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Persistence of gestational trophoblastic disease for longer than 1 year following evacuation of hydatidiform mole

Elmer David B. MD; Granai, Cornelius O. MD; Ball, Harrison G. MD; Curry, Stephen L. MD
Obstetrics & Gynecology: May 1993
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Background: A spontaneous fall in the radioimmunossay for the beta subunit of hCG to less than 2 mIU/mL documents regression of hydatidiform mole following evacuation of a molar pregnancy. Continued negative hCG levels for the year after evacuation indicates the absence of risk for persistent gestational trophoblastic disease. This report describes an unusual case of recurrent nonmetastatic gestational trophoblastic disease 16 months after initial evacuation.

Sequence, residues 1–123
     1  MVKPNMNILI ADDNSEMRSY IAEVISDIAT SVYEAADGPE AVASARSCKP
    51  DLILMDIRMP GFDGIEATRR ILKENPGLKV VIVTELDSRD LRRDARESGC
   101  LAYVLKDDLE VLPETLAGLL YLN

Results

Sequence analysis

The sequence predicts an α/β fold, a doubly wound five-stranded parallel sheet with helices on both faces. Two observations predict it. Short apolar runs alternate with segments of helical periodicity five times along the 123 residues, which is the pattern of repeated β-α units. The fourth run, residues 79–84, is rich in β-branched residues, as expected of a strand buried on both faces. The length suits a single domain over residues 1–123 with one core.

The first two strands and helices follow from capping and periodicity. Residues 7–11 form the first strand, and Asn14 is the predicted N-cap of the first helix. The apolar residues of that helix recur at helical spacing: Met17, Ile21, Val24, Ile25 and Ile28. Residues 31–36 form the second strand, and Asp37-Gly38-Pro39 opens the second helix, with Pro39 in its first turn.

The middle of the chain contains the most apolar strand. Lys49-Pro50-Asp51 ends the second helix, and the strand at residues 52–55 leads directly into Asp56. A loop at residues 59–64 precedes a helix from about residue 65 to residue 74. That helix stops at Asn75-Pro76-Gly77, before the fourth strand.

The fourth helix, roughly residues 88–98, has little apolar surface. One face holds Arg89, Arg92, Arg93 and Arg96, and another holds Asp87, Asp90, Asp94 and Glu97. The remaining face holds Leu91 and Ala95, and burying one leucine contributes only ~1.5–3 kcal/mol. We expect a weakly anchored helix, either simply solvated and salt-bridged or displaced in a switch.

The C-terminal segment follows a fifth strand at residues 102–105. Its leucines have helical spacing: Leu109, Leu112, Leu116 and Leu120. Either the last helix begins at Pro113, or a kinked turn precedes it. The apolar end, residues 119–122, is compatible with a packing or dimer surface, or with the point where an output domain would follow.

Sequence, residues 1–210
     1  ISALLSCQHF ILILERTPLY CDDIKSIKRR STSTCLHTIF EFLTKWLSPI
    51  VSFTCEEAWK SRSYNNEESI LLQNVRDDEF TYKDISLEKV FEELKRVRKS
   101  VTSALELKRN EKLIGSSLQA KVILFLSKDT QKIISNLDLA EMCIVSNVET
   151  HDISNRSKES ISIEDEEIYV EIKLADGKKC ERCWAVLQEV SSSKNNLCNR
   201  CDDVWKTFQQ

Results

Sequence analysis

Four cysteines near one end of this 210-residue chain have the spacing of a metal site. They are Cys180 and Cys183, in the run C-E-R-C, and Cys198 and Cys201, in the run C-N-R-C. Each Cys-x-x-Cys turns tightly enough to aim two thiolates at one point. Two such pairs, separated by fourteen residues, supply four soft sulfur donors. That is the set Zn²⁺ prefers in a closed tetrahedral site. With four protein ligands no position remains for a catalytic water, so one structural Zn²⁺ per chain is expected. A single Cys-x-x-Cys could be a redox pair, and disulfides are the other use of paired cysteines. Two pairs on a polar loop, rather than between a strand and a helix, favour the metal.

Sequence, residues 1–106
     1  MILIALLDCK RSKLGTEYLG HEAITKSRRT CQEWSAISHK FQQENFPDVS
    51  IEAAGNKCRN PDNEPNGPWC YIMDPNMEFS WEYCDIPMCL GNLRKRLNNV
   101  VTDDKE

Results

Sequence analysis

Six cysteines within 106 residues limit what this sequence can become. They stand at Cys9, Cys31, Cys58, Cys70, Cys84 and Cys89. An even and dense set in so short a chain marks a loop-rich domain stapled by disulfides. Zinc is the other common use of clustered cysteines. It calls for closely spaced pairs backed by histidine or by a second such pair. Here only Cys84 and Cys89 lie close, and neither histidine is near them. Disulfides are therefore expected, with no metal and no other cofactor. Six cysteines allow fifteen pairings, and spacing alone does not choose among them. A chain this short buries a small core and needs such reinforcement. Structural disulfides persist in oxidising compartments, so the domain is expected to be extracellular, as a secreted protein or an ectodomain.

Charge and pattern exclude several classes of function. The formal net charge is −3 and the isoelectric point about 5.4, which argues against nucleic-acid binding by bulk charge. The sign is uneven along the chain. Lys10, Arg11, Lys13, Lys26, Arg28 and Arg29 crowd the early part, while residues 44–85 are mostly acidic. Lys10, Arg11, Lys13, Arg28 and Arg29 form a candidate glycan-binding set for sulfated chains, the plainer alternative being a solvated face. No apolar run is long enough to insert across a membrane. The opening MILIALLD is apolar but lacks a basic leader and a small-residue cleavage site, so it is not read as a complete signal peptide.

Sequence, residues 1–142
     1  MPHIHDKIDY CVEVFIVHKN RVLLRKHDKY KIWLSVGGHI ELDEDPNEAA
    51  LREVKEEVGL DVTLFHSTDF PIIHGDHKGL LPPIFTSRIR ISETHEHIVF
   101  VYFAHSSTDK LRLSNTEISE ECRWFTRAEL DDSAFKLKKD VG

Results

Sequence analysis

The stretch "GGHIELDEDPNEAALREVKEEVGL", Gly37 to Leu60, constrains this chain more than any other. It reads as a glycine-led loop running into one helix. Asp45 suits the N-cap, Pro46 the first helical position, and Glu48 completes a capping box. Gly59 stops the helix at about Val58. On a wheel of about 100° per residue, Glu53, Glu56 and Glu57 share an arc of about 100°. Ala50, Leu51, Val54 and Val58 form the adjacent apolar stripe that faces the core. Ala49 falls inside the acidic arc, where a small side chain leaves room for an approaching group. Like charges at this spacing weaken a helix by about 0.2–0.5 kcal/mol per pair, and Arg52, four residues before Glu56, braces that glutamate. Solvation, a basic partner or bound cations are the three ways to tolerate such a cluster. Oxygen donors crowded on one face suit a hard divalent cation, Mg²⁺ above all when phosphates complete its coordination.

Case: A 29-year-old woma presented at 19 weeks' gestation with severe preeclampsia and vaginal bleeding. Pelvic ultrasonography demonstrated a molar pregnancy. Pathology following uterine evacuation confirmed a hydatidiform mole. Serial hCG levels fell progressively to less than 2 mIU/mL over the following 25 weeks. She remained compliant with oral contraceptive pills despite having no sexual activity. Sixteen months after uterine evacuation, recurrence of gestational trophoblastic disease was documented by a rising β-hCG, negative pelvic ultrasound, normal liver function tests, and normal computed tomography of the head. Endometrial curettage showed no chorionic villi or molar tissue. She was treated with five courses of actinomycin D and has remained disease-free for the following 5 years.

Conclusion: This late recurrence of gestational trophoblastic disease suggests that those with a molar pregnancy may benefit from surveillance beyond 1 year after uterine evacuation. (Obstet Gynecol 1993;81:888–90)

© 1993 The American College of Obstetricians and Gynecologists